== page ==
A billion-dollar stake? Believe it. We get the details from Green Mountain CEO (and former Coca-Cola executive) Brian Kelley.
FORTUNE -- Eyes rolled when Green Mountain Coffee Roasters (GMCR), best known for its single-serve pod Keurig brewing machine, first announced at its September investor day that it was building a system for cold beverages.
What was the Vermont-based company doing, thinking it could expand into sodas, juices, flavored waters and the like? MOREBeth Kowitt, Writer - Feb 6, 2014 11:40 AM ET
Exclusive: The fashionable eyeglasses purveyor more than doubles its total investment.
FORTUNE -- Warby Parker has raised $60 million in its latest round of venture capital funding, led by its biggest investor, Tiger Global Management. The amount tops the $55 million that the trendy eyewear maker scored in its three previous rounds combined.
Other existing investors also re-upped, including General Catalyst Partners (which led its Series B round), Spark Capital, Thrive Capital, MOREBeth Kowitt, Writer - Dec 20, 2013 5:00 AM ET
Beth Kowitt took a break from her day job as a writer at Fortune to profile Arlyn and Eric Davich, siblings who both work in the New York City startup scene, for Bowdoin Magazine, Bowdoin College's alumni publication. The Davich siblings and Kowitt are all graduates of the Brunswick, Maine-based liberal arts school. The following is the entirety of the story from Bowdoin Magazine's Fall 2013 issue.
Fortune managing editor (and MOREBeth Kowitt, Writer - Dec 11, 2013 5:00 AM ET
It may be the ultimate recycling project: taking retired shipping containers and repurposing them as buildings. SG Blocks thinks it can make the proposition into big business.
By Beth Kowitt, writer-reporter
FORTUNE -- It may be the ultimate recycling project: taking retired shipping containers and repurposing them as buildings. It's not uncommon to see these makeshift structures informally in use around ports or construction sites, but now Paul Galvin is trying to MORENov 10, 2011 3:28 PM ET
Google's $12.5 billion bid to buy Motorola Mobility is likely to reshape the mobile industry. But a deal would have been unimaginable without the surging Android platform.
FORTUNE -- Google's proposed $12.5 billion acquisition of handset maker Motorola Mobility is a bid to protect itself from litigious competitors as well as to dramatically move its mobile business forward. But the search titan's biggest acquisition ever wouldn't even be imaginable if it MOREBeth Kowitt, Writer - Aug 16, 2011 11:12 AM ET
The inside story of how Google conquered the smartphone world.
By Beth Kowitt, writer
FORTUNE -- When Google (GOOG) acquired a tiny wireless startup called Android in 2005, few at the search giant had particularly high hopes for the deal -- if they even knew about it. At that point Google had purchased just a handful of companies, mostly software makers it had quietly folded into its operations. (Big, high-profile deals like YouTube and DoubleClick came later.) Besides, not many people knew exactly what MOREJun 16, 2011 5:00 AM ET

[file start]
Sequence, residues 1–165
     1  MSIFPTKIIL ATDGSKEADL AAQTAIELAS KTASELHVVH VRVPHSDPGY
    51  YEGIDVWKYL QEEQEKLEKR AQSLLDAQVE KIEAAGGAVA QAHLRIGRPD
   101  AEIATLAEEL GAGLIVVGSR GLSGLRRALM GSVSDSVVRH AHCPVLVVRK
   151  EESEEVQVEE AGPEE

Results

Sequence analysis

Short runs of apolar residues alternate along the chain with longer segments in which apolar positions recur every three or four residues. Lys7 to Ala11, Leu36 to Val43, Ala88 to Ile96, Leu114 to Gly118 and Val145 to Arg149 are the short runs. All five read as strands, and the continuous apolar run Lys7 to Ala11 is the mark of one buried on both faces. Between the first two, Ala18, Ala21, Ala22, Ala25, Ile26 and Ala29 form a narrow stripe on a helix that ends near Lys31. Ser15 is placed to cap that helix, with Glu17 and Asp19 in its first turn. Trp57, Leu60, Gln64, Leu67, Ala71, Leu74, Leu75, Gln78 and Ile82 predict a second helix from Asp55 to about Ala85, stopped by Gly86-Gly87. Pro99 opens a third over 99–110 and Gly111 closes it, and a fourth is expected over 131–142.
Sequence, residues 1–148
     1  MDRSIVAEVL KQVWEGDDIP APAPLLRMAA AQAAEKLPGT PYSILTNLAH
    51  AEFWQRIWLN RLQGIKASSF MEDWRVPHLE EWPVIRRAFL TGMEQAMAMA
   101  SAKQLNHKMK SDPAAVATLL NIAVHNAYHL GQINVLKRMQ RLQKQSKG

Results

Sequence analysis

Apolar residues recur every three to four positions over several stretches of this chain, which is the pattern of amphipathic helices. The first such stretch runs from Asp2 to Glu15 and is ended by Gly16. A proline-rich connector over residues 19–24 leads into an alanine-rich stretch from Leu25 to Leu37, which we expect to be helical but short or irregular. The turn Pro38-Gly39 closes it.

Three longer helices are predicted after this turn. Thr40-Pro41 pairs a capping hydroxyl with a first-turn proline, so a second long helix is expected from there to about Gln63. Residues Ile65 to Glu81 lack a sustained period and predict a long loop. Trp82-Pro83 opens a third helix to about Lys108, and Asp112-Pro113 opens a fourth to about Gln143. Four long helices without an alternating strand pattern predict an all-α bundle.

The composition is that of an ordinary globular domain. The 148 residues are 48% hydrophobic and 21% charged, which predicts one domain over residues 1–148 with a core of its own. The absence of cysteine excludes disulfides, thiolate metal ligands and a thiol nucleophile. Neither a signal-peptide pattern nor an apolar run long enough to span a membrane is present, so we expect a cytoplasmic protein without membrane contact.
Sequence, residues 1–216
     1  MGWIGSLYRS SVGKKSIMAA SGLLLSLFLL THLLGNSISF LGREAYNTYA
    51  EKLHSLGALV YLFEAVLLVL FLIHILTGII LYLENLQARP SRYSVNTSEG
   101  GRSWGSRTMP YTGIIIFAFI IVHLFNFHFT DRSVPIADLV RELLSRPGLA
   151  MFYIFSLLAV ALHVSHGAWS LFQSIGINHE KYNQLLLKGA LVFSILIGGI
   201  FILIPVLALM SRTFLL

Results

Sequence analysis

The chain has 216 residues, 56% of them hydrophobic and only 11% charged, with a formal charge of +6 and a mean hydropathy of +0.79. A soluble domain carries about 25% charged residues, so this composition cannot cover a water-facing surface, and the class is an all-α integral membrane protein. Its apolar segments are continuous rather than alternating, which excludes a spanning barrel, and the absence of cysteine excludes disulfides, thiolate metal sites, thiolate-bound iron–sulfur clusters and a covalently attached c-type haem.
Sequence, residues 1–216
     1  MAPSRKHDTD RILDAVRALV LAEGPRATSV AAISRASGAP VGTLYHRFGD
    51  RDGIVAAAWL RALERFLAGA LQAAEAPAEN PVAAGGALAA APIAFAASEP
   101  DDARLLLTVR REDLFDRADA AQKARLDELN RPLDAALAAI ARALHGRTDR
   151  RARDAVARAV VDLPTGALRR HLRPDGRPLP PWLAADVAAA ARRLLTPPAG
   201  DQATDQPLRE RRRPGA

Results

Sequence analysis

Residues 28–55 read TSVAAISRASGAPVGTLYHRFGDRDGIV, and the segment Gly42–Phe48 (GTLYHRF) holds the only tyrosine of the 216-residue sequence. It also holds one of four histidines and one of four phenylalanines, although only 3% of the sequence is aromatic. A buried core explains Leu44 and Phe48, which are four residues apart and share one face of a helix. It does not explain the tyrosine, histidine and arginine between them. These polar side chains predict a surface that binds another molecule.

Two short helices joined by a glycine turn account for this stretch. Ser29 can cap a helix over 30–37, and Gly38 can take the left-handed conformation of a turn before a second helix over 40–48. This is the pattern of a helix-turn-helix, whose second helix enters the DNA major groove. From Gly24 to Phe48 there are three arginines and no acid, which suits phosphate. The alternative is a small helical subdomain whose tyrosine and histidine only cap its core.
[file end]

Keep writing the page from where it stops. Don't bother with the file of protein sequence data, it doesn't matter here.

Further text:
The founder of Dodgeball and Foursquare talks about funding, falling out with Google, and whether he'd partner up with Facebook or Yahoo.
Foursquare is Dennis Crowley's second go-around at a location-driven social networking service, and this time he's determined to make sure he gets to see it through.
Crowley sold his first company, Dodgeball, to Google (GOOG) but then had the frustrating experience of still having all these things he wanted to MOREBeth Kowitt, Writer - Dec 7, 2010 2:32 PM ET
Android users have been waiting for the just released Gingerbread upgrade. But yesterday Andy Rubin leapfrogged them by demoing next-gen OS Honeycomb, and chatting about the time Google bit off more than it could chew.
The latest version of the Android operating system, Gingerbread, is barely out of the oven but Andy Rubin, who heads up Android for Google (GOOG), couldn't resist giving the audience at the D: Dive into Mobile MOREBeth Kowitt, Writer - Dec 7, 2010 1:14 PM ET
The cult favorite sandwich, hovering on the border between yum and yuck, won't mean much to McDonald's bottom line. But it's moving the needle on the company's brand awareness, especially in social media.
Wondering what a McRib, McDonald's barbecue pork sandwich, tastes like, but haven't quite worked up the steam to go out and try one? Just ask the Internet:
"It's fast food's best version of comfort food." "I'll take an order MOREBeth Kowitt, Writer - Nov 17, 2010 11:51 AM ET
For Ashton Kutcher, winning the race to 1 million followers on Twitter before CNN was not about being victorious in a popularity contest.
Instead, it illustrated that "one individual could have as much influence on a social network as a media conglomerate," he said at Fortune's Brainstorm: Tech conference.
He also noted that it signifies a shift in turning media back over to consumers, who are now also content creators and editors. MOREBeth Kowitt, Writer - Jul 26, 2009 8:59 AM ET
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